No One Knows if You Need Another Covid Booster

The US food and the drug agency is urging you to get an annual Covid refresher. The problem is that the data isn’t clear if you need one.

Covid is not going anywhere. SARS-CoV-2 is still circulating at significant levels in the US and many European countries, with Covid emerging as a major ongoing cause of disease. Booster shots can protect against the worst effects, but these are shots in the blue: Critical illness insurance, but may not be necessary. Because we don’t know how long their protection against serious illnesses actually lasts.

It’s time we found out, but that means changing focus. At the level of basic biology, this means paying less attention to the antibodies that make vaccines and focusing more on another very important but overlooked part of the immune system: memory T cells. “You can tell who needs booster shots by how long the memory cells last,” says Paul Offit, professor of vaccinology at the University of Pennsylvania and FDA vaccine advisor.

The immune system is complex, but basically it consists of three parts. There’s an innate immunity, the physical or chemical barriers – like your skin or the mucus in your nose – constantly working to keep disease-causing microbes at bay.

For germs that get past it, there is then short-term or humoral immunity: the rapid response tailored to a specific invading threat, such as a virus, that dominates early after it arrives to try and prevent an infection from spreading to fix. This wave of defenses is spearheaded by neutralizing antibodies specifically engineered to fight whatever has entered the body.

But when that antibody response doesn’t stop Covid from taking hold and the virus enters cells so it can multiply, a third strand of protection comes into play: long-term, cellular immunity. An important part of this are memory T cells, which are also tailored to the specific threat.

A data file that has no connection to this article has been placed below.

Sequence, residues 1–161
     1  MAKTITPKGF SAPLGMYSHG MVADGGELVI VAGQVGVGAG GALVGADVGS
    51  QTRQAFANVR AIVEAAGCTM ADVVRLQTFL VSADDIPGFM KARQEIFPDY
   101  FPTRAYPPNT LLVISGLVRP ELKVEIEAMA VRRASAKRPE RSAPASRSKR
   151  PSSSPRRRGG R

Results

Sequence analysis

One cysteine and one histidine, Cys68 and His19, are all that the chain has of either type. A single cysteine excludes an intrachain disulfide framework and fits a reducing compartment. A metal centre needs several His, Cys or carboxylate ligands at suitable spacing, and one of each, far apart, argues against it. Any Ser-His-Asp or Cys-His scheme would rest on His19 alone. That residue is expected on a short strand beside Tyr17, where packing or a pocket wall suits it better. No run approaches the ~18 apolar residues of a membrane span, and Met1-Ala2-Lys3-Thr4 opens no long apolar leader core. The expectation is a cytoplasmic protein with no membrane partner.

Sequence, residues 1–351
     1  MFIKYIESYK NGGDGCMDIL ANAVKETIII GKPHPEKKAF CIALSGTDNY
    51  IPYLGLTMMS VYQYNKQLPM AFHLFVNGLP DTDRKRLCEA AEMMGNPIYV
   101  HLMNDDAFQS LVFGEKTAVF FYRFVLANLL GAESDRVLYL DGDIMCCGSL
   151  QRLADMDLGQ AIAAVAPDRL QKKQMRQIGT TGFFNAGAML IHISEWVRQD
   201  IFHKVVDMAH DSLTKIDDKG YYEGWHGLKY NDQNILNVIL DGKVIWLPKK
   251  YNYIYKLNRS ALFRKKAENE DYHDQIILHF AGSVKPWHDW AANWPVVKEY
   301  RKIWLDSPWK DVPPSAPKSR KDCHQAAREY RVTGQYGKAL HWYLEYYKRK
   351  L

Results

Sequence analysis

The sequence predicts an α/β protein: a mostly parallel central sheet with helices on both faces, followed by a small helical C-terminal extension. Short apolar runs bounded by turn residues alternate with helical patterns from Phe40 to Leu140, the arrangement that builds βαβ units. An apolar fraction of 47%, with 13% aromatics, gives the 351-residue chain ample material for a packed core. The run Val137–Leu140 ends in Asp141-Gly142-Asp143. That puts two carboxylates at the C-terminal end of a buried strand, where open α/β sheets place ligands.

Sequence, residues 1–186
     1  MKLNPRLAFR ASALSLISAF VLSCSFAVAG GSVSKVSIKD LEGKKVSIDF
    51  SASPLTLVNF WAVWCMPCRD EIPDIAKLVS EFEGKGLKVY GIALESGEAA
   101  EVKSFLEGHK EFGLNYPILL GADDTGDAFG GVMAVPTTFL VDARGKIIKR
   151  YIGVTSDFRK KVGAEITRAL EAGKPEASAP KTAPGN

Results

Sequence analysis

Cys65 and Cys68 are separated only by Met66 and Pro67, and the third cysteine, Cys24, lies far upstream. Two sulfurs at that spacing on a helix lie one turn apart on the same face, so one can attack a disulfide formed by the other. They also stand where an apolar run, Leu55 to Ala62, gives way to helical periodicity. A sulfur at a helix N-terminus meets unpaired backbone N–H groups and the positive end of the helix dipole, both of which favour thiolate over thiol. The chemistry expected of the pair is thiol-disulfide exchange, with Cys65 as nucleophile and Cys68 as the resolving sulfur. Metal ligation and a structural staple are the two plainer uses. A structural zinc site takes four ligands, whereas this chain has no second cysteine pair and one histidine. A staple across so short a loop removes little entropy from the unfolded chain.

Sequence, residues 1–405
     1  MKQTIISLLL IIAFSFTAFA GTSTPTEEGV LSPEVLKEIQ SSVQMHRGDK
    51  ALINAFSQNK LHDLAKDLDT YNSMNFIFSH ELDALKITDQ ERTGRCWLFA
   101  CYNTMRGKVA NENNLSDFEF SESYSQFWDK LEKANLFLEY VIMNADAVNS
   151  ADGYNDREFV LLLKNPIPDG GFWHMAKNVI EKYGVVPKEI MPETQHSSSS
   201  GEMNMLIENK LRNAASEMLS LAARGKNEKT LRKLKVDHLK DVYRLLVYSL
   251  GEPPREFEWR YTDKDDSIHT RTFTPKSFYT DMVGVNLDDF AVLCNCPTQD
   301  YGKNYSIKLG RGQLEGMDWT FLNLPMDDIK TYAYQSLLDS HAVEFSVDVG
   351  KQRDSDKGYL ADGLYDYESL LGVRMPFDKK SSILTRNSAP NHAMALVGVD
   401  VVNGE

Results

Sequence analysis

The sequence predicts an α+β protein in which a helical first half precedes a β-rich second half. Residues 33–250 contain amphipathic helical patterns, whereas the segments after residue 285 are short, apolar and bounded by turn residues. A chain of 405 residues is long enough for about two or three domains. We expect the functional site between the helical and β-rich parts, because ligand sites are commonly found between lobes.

“Once a virus infects cells, T cells can limit the amount of viral replication,” says Céline Gounder, infectious disease specialist and editor at KFF Health News. When a virus like Covid multiplies, it parks parts of itself in the cell’s outer membrane, which tells the host that the cell is infected. T cells—primed by vaccination or previous infection to notice these strange bits—then kick in, killing infected cells and directing the production of more antibodies. “This prevents the progression of the disease,” says Gounder.

While cellular immunity doesn’t stop an initial infection, it’s what keeps people out of the hospital, out of the intensive care unit, and out of the morgue, says Offit. “The second good thing is that T cells often live for years, decades, or life,” he says — meaning the protection they offer against serious disease can be long-lasting.

And there is a third major advantage. In Covid, some of the viral parts that land on cell membranes and attract T cells are “highly conserved” internal parts of the coronavirus – parts that are much less likely to mutate and become invisible to the immune system. The proteins that line the outside of the virus, which are normally targeted by antibodies, are much more likely to mutate, making those antibodies less effective. No One Knows if You Need Another Covid Booster

Zack Zwiezen

Zack Zwiezen is a USTimesPost U.S. News Reporter based in London. His focus is on U.S. politics and the environment. He has covered climate change extensively, as well as healthcare and crime. Zack Zwiezen joined USTimesPost in 2023 from the Daily Express and previously worked for Chemist and Druggist and the Jewish Chronicle. He is a graduate of Cambridge University. Languages: English. You can get in touch with me by emailing

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